As a counter-movement picks up steam, it's important to remember why #MeToo started in the first place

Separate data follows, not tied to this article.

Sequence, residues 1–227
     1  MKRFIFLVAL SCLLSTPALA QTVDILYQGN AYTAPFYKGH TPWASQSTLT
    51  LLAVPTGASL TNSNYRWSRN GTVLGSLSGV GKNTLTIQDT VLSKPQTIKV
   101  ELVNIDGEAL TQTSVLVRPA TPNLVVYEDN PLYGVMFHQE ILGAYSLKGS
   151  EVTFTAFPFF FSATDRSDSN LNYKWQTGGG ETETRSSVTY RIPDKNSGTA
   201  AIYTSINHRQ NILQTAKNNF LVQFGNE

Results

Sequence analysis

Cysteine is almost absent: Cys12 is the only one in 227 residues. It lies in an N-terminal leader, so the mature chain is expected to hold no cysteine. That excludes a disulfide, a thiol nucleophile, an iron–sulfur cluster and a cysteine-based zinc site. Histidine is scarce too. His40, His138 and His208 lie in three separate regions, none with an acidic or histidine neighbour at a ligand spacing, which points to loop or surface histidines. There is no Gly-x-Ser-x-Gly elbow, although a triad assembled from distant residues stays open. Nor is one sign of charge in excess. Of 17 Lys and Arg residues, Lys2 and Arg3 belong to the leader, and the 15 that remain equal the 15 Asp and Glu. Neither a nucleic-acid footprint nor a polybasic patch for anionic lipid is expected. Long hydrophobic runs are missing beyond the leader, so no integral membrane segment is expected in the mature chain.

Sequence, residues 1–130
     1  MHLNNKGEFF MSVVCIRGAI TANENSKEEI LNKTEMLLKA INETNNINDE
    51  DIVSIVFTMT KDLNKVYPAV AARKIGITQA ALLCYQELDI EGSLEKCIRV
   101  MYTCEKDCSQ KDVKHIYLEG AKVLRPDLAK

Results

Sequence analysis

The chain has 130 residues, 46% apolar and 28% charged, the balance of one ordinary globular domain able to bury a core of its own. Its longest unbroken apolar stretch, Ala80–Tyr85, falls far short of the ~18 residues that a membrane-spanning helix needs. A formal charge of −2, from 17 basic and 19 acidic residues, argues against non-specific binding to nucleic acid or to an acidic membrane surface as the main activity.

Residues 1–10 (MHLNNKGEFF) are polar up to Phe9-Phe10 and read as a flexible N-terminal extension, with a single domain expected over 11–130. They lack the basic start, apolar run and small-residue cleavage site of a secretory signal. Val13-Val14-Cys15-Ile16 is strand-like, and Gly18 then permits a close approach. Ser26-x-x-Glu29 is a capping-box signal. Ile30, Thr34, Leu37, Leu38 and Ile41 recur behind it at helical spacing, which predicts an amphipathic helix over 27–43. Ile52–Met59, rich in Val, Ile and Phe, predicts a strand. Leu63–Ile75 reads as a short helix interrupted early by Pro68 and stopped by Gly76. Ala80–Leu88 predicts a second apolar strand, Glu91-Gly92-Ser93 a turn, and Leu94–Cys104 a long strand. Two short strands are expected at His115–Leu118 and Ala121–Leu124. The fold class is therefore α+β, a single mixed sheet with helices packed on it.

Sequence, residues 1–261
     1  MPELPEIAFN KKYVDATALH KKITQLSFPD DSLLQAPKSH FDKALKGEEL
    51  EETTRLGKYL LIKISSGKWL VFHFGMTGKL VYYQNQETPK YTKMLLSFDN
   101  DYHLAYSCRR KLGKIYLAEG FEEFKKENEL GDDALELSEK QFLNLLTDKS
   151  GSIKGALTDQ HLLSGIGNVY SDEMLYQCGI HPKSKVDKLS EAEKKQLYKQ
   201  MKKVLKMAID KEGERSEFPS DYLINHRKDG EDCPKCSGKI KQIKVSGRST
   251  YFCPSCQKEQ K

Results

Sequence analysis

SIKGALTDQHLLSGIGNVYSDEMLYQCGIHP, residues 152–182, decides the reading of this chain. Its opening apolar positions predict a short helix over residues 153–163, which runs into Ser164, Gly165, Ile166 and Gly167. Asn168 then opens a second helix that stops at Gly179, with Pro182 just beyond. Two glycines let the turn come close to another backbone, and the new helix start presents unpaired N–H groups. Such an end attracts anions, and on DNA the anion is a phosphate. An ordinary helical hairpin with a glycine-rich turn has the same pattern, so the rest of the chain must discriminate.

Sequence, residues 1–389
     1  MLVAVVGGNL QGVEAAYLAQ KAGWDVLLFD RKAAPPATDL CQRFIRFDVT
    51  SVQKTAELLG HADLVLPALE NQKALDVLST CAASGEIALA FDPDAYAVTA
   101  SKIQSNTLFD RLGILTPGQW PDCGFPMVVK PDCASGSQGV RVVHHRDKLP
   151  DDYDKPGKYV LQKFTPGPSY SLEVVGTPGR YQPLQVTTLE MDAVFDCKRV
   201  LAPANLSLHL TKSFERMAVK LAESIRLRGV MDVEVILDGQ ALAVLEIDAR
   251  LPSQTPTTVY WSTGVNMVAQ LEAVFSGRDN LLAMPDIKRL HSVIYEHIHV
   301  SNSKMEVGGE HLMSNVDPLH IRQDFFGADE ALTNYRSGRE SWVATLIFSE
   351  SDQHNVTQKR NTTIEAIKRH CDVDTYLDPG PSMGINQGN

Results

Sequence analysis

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It’s been under three months since the Harvey Weinstein scandal propelled a powerful socio-cultural movement yet without a formal name, but already there are those who are protesting that things have been taken too far, comparing sexual harassment allegations and the #MeToo campaign to a McCarthyite witch-hunt against men. The backlash against this upset in norms of relations between gender and power was explicit in a recent article by The Associated Press and shared by CBS Los Angeles, the Washington Post, Daily Mail, and other high-circulation media outlets titled “In Wake of Weinstein, Men Wonder If Hugging Women Still OK.” The men interviewed were quick to portray themselves as the victims of such situations, lamenting over what they viewed as new generational attitudes they did not understand. “Have we gotten to the point now where men can’t say, ‘That’s a nice dress’ or ‘Did you do something with your hair?’”, asks Steve Wyard, a sales associate. He feels the need to continue, “The potential problem is you can’t even feel safe saying, ‘Good morning’ anymore.” Reactions like his, which have been a constant, shadowy undercurrent to high-profile sexual harassment cases, not only attempt to draw the narrative away from victims but also trivialises the experiences of survivors of assault. Matt Damon’s most recent comments in an interview with Business Insider where he expresses his belief that men in Hollywood who aren’t sexual predators should be talked about more, further exemplifies that such statements and discussions, more than laughable, are an ominous sign that a backlash against the #MeToo movement, for lack of a better name, is already emerging. This whole ‘not all men’ attitude intrinsic in such comments is not only unhelpful to the narrative, it also actively hinders it. It is a derailment tactic for the focus to move away from the real issue, a defensive stance that does not add to the conversation but sidetracks it. Then there are those, fewer but more vocal, who work actively to silence women’s voices. After all, the history of progressivism and social justice has always to an extent, been a pendulum; with every swing forward, there will inevitably be those who seek to swing it back, to reinforce the oppressive system that benefits them.
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